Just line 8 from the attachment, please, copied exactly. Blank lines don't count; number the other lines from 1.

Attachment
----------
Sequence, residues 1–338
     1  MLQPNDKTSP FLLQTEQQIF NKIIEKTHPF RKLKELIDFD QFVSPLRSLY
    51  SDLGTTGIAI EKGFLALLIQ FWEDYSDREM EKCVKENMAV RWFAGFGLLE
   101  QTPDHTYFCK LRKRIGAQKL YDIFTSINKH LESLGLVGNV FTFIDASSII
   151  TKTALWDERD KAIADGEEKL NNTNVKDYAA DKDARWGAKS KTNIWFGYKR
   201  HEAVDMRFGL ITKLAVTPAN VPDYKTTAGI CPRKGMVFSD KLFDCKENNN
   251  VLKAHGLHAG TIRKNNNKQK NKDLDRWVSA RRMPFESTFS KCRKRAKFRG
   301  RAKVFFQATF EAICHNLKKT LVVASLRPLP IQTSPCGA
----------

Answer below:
   301  RAKVFFQATF EAICHNLKKT LVVASLRPLP IQTSPCGA